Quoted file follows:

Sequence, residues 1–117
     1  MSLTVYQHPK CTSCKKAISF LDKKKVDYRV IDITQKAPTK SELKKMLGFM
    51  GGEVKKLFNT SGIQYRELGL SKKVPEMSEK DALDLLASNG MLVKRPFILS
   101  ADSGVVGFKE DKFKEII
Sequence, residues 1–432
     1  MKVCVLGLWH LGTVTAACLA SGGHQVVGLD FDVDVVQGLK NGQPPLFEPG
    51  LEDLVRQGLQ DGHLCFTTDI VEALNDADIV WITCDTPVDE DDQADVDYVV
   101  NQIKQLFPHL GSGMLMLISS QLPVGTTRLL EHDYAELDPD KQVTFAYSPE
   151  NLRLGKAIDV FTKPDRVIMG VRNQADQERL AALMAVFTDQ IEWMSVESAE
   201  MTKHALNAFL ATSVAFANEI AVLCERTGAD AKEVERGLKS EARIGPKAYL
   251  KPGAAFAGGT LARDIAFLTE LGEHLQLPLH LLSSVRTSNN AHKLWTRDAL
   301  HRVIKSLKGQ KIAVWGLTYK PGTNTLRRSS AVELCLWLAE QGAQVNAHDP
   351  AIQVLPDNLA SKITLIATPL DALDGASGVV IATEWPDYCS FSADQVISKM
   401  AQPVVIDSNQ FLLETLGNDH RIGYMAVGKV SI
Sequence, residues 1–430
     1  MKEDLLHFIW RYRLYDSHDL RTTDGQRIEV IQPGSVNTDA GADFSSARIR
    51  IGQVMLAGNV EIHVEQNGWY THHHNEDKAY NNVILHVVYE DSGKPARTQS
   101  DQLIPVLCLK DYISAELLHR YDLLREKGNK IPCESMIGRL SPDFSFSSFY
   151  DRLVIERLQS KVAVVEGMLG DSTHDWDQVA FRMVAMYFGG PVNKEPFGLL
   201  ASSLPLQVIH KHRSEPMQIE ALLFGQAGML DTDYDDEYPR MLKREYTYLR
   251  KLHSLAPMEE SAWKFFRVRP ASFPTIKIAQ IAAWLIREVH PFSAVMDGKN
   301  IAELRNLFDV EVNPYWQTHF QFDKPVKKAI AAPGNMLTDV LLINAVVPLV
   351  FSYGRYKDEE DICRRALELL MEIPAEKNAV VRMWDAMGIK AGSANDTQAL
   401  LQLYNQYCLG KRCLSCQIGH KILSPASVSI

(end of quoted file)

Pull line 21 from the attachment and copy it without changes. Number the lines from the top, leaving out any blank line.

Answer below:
   251  KLHSLAPMEE SAWKFFRVRP ASFPTIKIAQ IAAWLIREVH PFSAVMDGKN